Ella inherited her mother’s entire estate when she died in 1918. Among the assets was a half interest in considerable land holdings in downtown Cleveland. When faced with the question as to why he and Ella did not give away their wealth, the Bishop responded by saying he was afraid the money would just go to someone not interested in the working class. The Bishop wanted to use the money to overthrow the economic system that made it possible for him to do nothing and have everything – and also for those who do everything and have nothing.
In 1920, the Bishop began work on a new book that would eventually get him into trouble with the Episcopal Church and cause him to become a nationally known celebrity. It was called “Communism and Christianism”. He could not find a publisher to print the book so he used Ella’s money to form the Bradford-Brown Educational Company, Inc. In this book, Brown criticized literal Christianity. He accepted “Brother Jesus,” not as a real person but as an exponent of ethical ideas. He suggested that Christianity derived from sun worship.
He eventually printed 13 editions of this book. Dealing with the question as to why he continued to be a professing Christian, Brown answered that he thought no one really believed that God created the heavens and the earth in 6 days. He argued that Christian doctrines were good for the world just as Uncle Sam and Santa Claus were a symbol of all that is good for the world, too.
When the General Conference met in 1922, one of the bishops presented a petition to indict Bishop Brown for heresy. Many of the bishops privately thought Bishop Brown was crazy. The House of Bishops tried several times to get Bishop Brown to publicly admit that he was wrong. Finally in 1924, a trial was scheduled to be held in Trinity Cathedral in Cleveland, the very church where the Bishop was baptized, ordained, and married. The trial attracted world-wide attention as on one had been convicted of heresy since the Middle Ages.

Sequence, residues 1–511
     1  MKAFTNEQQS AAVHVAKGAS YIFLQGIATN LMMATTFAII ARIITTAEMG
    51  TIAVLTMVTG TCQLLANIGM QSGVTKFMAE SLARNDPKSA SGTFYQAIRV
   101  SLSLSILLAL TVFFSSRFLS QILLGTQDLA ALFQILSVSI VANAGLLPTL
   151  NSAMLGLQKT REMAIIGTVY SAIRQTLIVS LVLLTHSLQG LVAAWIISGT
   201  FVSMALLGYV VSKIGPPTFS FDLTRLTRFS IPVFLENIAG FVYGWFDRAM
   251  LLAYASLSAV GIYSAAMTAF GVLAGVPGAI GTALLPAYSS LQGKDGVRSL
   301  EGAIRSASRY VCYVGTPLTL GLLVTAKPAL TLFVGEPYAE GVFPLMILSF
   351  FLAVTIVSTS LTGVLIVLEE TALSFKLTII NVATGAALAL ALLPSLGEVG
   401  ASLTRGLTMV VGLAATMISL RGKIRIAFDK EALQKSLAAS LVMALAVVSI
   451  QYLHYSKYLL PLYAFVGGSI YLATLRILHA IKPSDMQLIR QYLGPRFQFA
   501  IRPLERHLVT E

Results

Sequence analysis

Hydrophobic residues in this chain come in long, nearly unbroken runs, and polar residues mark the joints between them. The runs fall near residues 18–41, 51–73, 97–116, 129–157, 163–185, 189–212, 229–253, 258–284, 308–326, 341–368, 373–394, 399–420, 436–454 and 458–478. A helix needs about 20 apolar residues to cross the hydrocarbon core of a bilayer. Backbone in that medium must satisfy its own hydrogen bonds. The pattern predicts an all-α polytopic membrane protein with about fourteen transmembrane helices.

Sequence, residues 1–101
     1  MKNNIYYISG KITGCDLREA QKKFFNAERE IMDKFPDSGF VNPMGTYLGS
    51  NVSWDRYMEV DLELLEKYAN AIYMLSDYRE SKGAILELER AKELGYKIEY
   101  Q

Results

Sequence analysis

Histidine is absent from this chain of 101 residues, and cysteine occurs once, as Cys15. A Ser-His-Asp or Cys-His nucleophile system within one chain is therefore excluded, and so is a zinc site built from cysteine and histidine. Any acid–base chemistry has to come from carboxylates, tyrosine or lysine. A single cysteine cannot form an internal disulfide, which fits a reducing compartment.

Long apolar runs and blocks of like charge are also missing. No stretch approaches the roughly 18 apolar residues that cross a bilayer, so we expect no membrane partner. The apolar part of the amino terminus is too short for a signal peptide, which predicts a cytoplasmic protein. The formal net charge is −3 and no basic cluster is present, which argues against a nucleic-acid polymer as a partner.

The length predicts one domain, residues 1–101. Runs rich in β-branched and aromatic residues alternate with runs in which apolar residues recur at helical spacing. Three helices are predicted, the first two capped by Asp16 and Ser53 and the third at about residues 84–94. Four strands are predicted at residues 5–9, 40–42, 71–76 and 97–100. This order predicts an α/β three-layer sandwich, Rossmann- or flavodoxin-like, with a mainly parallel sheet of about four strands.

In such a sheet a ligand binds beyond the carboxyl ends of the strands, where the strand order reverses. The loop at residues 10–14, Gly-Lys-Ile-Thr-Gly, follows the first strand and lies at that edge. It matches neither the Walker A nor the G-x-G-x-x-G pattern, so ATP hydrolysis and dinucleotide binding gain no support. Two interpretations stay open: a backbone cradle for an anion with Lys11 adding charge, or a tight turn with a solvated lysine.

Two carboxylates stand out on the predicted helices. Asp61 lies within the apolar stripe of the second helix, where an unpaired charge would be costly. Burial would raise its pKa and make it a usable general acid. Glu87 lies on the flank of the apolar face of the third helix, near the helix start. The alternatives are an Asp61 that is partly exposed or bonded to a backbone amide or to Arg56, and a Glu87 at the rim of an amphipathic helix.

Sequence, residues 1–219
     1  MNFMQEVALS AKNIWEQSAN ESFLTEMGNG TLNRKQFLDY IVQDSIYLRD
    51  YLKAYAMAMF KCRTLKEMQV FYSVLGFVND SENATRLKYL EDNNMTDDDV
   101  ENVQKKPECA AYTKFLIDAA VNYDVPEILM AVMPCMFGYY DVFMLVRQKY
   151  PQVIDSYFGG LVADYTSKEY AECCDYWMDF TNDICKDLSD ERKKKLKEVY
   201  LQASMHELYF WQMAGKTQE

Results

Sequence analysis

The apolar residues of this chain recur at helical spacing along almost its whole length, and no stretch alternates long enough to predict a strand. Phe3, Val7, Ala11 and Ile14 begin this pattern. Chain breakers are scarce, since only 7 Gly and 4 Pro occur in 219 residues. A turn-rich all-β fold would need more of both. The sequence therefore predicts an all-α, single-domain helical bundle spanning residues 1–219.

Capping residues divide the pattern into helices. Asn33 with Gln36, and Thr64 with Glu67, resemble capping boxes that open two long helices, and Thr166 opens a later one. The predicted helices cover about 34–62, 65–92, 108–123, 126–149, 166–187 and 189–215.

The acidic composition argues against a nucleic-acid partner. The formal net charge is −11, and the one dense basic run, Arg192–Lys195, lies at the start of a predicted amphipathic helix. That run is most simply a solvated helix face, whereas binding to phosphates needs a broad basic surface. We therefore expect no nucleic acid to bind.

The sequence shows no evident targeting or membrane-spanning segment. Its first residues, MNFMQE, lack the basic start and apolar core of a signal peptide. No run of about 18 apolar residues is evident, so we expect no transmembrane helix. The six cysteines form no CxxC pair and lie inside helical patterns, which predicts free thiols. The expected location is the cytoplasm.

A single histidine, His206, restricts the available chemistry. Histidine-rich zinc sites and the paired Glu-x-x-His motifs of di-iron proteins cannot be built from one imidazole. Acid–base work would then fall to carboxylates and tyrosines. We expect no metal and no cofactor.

In the end, Bishop Brown was convicted. A Court of Review upheld the conviction, and in 1925, Bishop Brown was deposed.
Bishop Brown refused to accept the sentence and the authority of the court. He continued to use the title of Bishop and spent his remaining years cranking out more books and speaking.
He and Ella continued traveling and returning to Brownella Cottage. They received a large windfall when the Terminal Tower building was built in downtown Cleveland on land that Mrs. Brown inherited from her mother, but Ella held the purse strings tightly. During the Depression, the Bishop would purchase truckloads of food for the poor. Many schoolchildren fondly remembered the kindly old Bishop standing by his fence passing out nickels.
Mrs. Brown died in 1935 and the Bishop spent his remaining years living extravagantly. He bought a Packard automobile and frequented Cleveland where he stayed in the most expensive hotels. The Bishop also kept up a voluminous correspondence with a number of people around the country on his views of communism and socialism. He hosted the head of the communist party in America, Earl Browder on several occasions.
As he grew older, the Bishop suffered from diabetes. His eyesight began to fail him, so he hired high school students to read to him. During his final two years, the Bishop took an interest in aviation. He bought an airplane and paid for flying lessons for the brother of his secretary. They would fly down to Columbus to visit his secretary, Miriam, or to bring her home for the weekend. For the remainder of his life, the Bishop attended church services in the little church across the street from his home where his ministry had begun. His health took a turn for the worse in the fall of 1937, and he passed away on Sunday, October 31st at his beloved Brownella Cottage.